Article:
Lots of them do have unlimited travel budgets.

“The trouble with you is that you’re spoiled for choice,” I said. “With enough time and no money constraints, you have the whole world and that’s just too much. If you were just a little less fortunate, like most normal people, I can guarantee that you’d be booking a trip somewhere in 30 minutes. There would be at least five places you’d love to visit in a heartbeat.” 
I’d definitely be able to quickly name five cities I’d love to spend two weeks in with an unlimited credit card.

He smiled. 
Being extremely competitive, he certainly liked the idea of being more fortunate than his other pretty fortunate peers in a pretty fortunate world.

But it was this very same competitiveness that got him to where he is today — and that’s what’s also getting him to where he’s headed tomorrow.


Over dinner, we continued our lively conversations, although most of it was more about reminiscing over 20 years of living very interesting lives around the world
We laughed so much remembering how he’d crashed a showroom Ferrari while on a test drive in Hong Kong — he was so apologetic about this that he ended up buying the best Ferrari they had.

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Then there was the time he and three other friends had attempted to play golf one day at Seoul’s poshest golf club.

They were incredibly hung over and two of the guys were playing golf for the first time.

I don’t even know how they got on the course since two out of four in their party had never hit a ball in their life save for a few rounds on the driving range. 
Frankly, they probably got on the greens because they were foreigners who could talk their way into and out of anything
Well, it had taken them 30 minutes to get past Hole # 1, as the two first-timers were hitting balls every 10 yards. 
And by the time they’d done three holes, there was a very long line of fuming Koreans behind them
By the 5th hole, everyone else had lost their patience and had booted them out.

The biggest confession of the day concerned cocaine, although I can’t even remember how this topic came up.
“Those days are behind me now,” he said, meaning those days of attending parties where cocaine was served on silver trays like appetizers or petit fours. He never said whether he’d actually tried the stuff.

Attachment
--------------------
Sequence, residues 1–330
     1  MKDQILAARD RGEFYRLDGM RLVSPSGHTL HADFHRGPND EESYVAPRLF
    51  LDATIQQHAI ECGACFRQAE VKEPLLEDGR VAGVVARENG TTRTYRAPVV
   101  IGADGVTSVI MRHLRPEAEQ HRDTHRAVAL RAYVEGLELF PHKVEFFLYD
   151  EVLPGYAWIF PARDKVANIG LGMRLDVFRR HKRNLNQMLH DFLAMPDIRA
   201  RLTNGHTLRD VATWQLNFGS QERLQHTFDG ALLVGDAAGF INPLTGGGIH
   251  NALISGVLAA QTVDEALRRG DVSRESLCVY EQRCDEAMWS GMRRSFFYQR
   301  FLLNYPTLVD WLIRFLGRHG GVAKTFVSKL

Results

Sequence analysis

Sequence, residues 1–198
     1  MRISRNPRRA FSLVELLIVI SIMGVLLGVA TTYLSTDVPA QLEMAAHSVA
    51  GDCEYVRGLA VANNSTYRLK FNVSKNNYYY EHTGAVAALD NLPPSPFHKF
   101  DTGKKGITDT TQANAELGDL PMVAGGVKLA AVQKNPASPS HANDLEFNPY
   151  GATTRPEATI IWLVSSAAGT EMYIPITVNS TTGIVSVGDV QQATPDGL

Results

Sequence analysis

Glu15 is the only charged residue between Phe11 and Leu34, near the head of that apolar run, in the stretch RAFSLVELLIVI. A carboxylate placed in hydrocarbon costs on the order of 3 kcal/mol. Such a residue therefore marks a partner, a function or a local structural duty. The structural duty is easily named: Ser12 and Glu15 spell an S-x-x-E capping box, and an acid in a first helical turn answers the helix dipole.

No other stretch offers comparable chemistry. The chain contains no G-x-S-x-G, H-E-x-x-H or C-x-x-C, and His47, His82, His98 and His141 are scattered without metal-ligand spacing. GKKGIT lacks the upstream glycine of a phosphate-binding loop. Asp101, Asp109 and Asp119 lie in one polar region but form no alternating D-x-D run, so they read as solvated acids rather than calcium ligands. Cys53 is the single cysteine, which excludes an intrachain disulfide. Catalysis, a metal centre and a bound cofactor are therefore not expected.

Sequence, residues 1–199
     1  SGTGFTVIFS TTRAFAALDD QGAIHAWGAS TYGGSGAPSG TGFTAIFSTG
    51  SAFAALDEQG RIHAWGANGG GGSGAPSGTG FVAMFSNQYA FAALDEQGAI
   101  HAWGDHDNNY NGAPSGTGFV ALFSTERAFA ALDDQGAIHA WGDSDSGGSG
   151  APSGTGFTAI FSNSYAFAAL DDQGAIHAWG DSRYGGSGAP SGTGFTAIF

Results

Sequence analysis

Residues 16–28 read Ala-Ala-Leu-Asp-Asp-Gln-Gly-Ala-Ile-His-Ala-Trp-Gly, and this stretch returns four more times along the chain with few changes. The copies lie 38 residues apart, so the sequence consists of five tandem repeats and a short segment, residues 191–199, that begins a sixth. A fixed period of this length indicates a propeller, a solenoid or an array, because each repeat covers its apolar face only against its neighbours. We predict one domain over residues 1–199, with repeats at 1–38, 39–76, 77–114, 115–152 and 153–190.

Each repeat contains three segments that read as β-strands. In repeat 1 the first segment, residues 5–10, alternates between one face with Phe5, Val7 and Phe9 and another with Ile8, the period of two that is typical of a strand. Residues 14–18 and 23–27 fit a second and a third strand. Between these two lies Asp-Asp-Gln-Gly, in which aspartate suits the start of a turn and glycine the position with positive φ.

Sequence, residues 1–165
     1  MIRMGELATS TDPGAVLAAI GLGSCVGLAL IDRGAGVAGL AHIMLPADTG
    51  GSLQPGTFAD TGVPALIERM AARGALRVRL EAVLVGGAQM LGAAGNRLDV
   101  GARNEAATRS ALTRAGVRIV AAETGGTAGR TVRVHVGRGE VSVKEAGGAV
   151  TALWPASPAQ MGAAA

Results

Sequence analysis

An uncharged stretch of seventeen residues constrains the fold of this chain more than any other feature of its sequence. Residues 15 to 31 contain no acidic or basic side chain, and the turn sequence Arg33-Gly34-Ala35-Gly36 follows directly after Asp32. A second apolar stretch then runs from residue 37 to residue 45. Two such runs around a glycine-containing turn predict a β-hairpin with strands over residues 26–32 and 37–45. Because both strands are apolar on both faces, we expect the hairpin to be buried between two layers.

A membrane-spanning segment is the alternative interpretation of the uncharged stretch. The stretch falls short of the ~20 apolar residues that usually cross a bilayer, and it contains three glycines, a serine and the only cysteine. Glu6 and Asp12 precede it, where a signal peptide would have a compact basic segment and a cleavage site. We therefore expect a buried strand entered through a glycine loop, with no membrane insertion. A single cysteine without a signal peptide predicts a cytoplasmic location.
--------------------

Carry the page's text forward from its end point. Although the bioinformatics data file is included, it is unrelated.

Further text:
I had to ask: “Those days?” 
I’d known him for the most part of those 20 years, but I’d never ever tried cocaine or been to a cocaine party. 
I was also in Tokyo at exactly this same time but, again, I’d never ever been to a party where the hostess served cocaine to guests. I don’t think I’ve even seen cocaine before.
Japan and Hong Kong were crazy,” he continued. “There was a time when every dinner party I went to involved a proper three- or four-course meal followed by dessert and cocaine arranged on a tray.”
“Were we going to the same parties?” I asked him a little incredulously. 
He smiled and replied: “You were too much of a good girl. You were always working too hard, partying too little, and hanging out with the right kind of people. I don’t think diplomats ever had cocaine parties.” 
They most certainly didn’t. As far as I could tell.
“And Hong Kong‘s still bad, although I never touch the stuff,” he said, obviously relishing my surprise
It was like we’d known each other but we lived in two completely different worlds. And maybe we actually do.

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“Last night, for example, we were at this bar in Repulse Bay when a couple of friends walked in,” he continued. 
“I knew they were getting high on coke because they came into the bar all quiet, and then one by one they left for the bathroom. A few minutes after coming back from the bathroom, they were all noisy and very happy. That’s one sign of people doing coke, by the way. They’ll usually be taking turns in the bathroom and passing something around very discretely.”
Talk about the useful things you learn on a 24-hour stopover in Hong Kong, and just another 24 hours in our never-ending, and never-endingly eventful, TRAVELIFE.